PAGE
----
1. The Civil Rights Movement of February 1, 1960.- Supporting Argument
2. The case of a bone marrow donor for the Silicon Valley worker.- Counterargument
The author Malcolm Gladwell used the case of the sit-in by the four students in a white restaurant on February 1, 1960, to support his argument that close ties are very essential to high-risk activism. He believed that knowing friends on a personal level who supported the same course increased the chances of participating and persevering in acts of protests that could be life-threatening. For him, this level of success cannot be ensured by social media.
A counter-argument was when a Silicon Valley worker came down with leukemia that required a bone marrow transplant. It was impossible to get the donor through close relatives but only succeeded through a social media platform when the message was circulated among many people. The author countered the success of social media in this regard by saying that the intent was to have a sense of accomplishment and to receive praise. It did not involve a financial or personal risk.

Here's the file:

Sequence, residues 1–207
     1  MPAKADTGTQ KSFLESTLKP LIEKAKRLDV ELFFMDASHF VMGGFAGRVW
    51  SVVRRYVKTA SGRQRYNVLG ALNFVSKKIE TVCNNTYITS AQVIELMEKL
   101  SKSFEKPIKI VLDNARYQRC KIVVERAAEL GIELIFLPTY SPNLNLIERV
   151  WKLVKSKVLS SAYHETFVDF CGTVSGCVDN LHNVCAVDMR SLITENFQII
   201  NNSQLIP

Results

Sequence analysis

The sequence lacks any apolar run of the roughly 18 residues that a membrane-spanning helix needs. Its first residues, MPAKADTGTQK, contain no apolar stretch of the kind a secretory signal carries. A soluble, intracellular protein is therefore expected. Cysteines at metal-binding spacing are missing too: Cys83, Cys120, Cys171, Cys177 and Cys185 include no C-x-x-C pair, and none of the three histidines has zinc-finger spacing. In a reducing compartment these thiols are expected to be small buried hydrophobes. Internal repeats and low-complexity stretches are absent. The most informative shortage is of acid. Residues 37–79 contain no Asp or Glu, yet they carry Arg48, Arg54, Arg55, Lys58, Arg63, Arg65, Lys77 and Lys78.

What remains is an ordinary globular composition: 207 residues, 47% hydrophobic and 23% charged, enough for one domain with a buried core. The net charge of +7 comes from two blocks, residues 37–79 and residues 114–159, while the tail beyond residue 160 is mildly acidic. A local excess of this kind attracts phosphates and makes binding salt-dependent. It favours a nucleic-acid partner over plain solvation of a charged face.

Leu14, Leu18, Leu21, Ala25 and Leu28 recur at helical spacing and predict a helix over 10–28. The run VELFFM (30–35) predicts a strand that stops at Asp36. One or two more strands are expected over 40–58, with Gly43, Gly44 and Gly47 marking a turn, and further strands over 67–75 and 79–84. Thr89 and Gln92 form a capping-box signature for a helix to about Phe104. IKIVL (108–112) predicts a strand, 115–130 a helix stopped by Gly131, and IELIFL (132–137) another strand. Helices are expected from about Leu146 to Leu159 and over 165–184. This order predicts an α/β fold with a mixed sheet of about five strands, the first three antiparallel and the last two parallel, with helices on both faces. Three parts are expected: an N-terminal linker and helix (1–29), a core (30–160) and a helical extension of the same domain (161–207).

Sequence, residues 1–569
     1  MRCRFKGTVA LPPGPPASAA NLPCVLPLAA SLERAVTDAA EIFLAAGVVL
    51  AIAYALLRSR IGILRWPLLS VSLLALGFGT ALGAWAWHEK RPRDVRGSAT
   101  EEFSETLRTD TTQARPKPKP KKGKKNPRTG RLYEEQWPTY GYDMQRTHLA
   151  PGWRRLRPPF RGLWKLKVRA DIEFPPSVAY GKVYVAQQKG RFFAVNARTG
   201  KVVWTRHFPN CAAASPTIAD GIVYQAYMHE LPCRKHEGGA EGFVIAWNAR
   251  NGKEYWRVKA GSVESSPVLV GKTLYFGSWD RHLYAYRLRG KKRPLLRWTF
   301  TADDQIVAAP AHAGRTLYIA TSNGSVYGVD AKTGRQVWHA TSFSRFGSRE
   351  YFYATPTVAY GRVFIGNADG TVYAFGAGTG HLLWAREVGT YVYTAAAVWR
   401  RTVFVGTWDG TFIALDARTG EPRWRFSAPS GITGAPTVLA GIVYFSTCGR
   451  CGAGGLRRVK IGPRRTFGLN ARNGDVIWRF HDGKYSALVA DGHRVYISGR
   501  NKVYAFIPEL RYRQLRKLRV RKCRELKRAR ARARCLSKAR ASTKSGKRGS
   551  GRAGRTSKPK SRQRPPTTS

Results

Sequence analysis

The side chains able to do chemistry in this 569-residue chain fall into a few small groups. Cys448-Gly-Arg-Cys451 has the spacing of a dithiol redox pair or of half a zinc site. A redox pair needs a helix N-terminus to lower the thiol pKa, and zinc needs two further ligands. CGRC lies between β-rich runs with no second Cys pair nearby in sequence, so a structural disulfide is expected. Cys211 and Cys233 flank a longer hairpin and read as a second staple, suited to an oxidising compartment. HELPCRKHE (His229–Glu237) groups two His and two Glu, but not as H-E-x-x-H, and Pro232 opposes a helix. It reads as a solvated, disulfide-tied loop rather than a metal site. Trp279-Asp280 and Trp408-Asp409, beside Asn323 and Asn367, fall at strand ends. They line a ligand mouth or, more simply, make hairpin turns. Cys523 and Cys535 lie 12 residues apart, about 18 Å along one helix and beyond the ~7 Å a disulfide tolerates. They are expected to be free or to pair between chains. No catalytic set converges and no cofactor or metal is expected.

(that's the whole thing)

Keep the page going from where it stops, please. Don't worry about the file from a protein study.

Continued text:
"prior to the beginning of the eighteenth century, it may look like this. It might be poetry, a play, an extended narrative, or a biography. The characters would be heroes, such as mythical gods and goddesses or historical figures. They would include all of the great things they’ve accomplished."
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